During the work scenes, Harold writes and uses scissors with his left hand several times. This makes me so happy and excited, and I can only imagine how proud the lefties in the audience were. This was a time when many lefties were shamed, bullied, and forcibly switched from their natural inclination, yet here was a huge star using his left hand for all to see.
After work ends, Harold runs into his old buddy Jim, who’s also moved to the big city and become a cop. They horse around a bit, and then Harold tells Bill he’s got such pull with the cops he can get away with anything. Unfortunately, the cop they play their prank on turns out to be a different cop (Noah Young), and Bill is the one caught and blamed. To escape, Bill scales the wall of a nearby building. This sets the stage for the film’s famous dramatic climax.
Mildred’s mother suggests she join Harold in the big city, and Mildred’s unexpected arrival forces Harold into the charade of having a much more important position. He’s eventually roped into impersonating the general manager, and while he’s thinking up a ruse to get back into the office to retrieve Mildred’s purse, he overhears the general manager saying he’ll give $1,000 to anyone who can attract a huge crowd.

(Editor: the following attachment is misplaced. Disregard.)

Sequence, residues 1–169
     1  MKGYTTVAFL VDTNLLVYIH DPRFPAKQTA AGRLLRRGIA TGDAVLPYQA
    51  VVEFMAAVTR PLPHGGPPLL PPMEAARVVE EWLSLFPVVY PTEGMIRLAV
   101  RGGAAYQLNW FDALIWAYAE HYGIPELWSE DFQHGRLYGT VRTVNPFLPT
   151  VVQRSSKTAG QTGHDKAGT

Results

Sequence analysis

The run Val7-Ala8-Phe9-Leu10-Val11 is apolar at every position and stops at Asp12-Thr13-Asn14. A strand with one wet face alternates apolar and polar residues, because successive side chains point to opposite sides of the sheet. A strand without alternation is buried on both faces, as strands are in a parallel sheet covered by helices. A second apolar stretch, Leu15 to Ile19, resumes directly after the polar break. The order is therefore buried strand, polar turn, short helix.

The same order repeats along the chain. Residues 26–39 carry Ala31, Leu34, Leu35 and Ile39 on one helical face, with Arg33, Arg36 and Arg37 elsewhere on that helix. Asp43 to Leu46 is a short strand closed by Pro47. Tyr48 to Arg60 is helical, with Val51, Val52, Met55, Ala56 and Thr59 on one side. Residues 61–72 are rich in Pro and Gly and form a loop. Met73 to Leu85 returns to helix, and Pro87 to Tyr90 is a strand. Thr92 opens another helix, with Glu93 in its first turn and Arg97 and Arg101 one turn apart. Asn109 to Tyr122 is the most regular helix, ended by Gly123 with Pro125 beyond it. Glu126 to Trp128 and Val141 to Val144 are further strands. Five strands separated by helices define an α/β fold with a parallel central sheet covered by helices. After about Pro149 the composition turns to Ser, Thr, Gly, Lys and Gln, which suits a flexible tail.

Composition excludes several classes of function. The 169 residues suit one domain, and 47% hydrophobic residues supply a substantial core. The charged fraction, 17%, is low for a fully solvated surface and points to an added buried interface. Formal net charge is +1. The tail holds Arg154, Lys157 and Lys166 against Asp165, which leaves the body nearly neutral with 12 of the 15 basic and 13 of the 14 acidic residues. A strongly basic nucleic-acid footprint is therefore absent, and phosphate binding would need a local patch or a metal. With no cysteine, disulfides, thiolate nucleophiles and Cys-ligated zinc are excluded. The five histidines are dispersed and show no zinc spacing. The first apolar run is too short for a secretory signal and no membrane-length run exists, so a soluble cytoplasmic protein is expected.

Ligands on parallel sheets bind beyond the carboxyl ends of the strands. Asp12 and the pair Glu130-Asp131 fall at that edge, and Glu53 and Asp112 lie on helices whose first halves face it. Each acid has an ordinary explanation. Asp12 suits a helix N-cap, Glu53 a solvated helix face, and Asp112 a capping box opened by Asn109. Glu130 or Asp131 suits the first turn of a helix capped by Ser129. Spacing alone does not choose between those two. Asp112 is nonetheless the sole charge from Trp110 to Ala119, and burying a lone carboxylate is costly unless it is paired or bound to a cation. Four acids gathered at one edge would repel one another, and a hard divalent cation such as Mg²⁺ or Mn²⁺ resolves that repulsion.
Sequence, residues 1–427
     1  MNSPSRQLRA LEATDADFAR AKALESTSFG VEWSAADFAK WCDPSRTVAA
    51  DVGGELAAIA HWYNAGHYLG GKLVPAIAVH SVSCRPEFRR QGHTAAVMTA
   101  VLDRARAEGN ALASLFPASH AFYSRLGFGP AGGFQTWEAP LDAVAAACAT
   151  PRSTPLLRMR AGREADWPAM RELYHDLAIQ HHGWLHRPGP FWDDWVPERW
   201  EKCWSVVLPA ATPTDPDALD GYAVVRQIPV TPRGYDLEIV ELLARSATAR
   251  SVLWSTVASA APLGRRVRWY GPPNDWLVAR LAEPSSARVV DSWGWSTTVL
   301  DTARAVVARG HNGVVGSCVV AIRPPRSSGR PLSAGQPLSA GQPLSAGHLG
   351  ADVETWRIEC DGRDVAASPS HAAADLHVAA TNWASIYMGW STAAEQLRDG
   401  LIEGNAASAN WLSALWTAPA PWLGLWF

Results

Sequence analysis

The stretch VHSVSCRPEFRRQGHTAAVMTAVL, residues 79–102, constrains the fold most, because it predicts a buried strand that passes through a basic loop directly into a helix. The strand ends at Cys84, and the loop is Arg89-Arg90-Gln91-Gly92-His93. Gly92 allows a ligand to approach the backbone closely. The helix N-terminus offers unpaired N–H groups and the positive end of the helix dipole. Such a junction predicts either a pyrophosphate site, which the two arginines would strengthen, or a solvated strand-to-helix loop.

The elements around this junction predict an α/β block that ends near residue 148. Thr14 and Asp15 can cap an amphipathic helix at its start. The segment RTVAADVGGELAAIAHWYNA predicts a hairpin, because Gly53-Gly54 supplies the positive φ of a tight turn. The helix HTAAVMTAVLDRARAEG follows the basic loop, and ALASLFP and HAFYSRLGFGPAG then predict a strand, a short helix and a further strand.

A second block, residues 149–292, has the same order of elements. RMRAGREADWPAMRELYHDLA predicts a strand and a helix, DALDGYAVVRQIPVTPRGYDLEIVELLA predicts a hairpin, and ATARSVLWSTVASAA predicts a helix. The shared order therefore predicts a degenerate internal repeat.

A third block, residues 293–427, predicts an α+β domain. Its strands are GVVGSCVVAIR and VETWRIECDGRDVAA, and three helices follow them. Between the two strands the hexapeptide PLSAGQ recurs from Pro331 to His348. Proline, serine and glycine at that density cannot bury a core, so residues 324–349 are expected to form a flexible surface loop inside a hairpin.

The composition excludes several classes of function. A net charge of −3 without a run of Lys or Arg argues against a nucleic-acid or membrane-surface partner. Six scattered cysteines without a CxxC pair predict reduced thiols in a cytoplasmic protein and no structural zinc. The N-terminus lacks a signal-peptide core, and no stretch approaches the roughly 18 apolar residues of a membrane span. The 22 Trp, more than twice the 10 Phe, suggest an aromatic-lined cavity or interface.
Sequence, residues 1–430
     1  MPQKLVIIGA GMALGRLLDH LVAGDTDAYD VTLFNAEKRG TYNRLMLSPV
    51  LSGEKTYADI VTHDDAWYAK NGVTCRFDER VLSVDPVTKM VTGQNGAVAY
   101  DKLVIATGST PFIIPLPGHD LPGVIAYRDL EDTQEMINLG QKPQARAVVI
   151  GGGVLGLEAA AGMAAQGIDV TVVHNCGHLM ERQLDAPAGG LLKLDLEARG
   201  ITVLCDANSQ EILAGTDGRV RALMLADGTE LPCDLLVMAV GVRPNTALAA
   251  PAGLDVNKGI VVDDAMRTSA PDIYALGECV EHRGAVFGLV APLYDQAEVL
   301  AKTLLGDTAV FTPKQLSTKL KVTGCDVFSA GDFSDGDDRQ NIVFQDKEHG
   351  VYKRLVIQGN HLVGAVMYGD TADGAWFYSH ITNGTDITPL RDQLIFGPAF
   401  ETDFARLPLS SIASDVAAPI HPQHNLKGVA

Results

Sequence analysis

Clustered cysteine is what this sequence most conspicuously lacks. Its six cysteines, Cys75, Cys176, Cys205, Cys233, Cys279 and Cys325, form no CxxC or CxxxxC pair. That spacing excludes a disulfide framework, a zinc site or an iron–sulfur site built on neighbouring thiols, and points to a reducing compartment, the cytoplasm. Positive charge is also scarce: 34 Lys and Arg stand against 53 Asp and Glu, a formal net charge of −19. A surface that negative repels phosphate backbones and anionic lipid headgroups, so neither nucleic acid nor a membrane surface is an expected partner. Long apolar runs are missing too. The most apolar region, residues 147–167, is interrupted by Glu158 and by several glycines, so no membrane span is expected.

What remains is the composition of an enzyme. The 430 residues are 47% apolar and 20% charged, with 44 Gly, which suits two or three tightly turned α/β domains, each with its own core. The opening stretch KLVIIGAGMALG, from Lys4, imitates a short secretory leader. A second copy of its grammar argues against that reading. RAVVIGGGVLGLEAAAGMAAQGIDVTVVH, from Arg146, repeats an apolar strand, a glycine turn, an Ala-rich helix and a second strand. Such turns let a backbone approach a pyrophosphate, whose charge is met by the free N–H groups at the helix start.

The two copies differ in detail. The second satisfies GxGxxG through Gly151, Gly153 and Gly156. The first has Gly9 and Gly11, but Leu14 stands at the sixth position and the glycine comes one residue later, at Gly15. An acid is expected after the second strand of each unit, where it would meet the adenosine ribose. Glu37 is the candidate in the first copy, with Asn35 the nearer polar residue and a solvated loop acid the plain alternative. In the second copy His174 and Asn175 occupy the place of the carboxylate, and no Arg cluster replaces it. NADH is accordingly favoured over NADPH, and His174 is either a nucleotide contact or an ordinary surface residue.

Harold suggests a mystery man climb the building, which was a huge crowd draw in the Twenties. People loved watching daredevil stunts like flagpole sitting, building climbing, and aerial shows. Unfortunately, the cop is on the prowl at the same time Bill is set to climb the building, and thanks to a drunk (Earl Mohan) showing him the newspaper story, the cop immediately realizes this faceless mystery man is one and the same as the guy who pushed him. Keep in mind, this is pre-Miranda Rights!
Bill compels Harold into starting to climb in his place, and at the second story, Bill will put on his coat and hat so people will believe Harold’s still the one climbing. However, the cop is hot on Bill’s heels, and Harold is compelled into climbing just one more floor every time. Along the way, he encounters near-disasters including pigeons, hot coffee, a plank, a flagpole, a tennis net, a rope, and, of course, that famous clock.
Over 90 years later, this is still a thrilling sequence. There were several different façades to make it look like the same building getting higher and higher, but he was never that far off the ground. Footage of Bill is used in the long shots. However, had Harold fallen to the right instead of straight down, he would’ve fallen to his death.
Besides the awesome thrill sequence, and overlooking the dated but essentially harmless stereotype of the Jewish pawnbroker, this is just such a perfect, fun, charming film, on all possible levels. This was all done without CGI, including some rather advanced special effects like Harold using a bald head as a mirror and watching each item of a businessman’s lunch gradually disappearing as he buys a half-off lavaliere for Mildred. Knowing they were a couple in real life makes their scenes together even sweeter.
Harold’s films have been called less timeless than Keaton and Chaplin’s, since they’re such time capsules of the Twenties. However, that’s a reason why I love them. It’s fun to see life as it was, like department stores with soda fountains, old-fashioned streetcars, Brass Age cars, vintage coins, the price of living, and steam locomotives.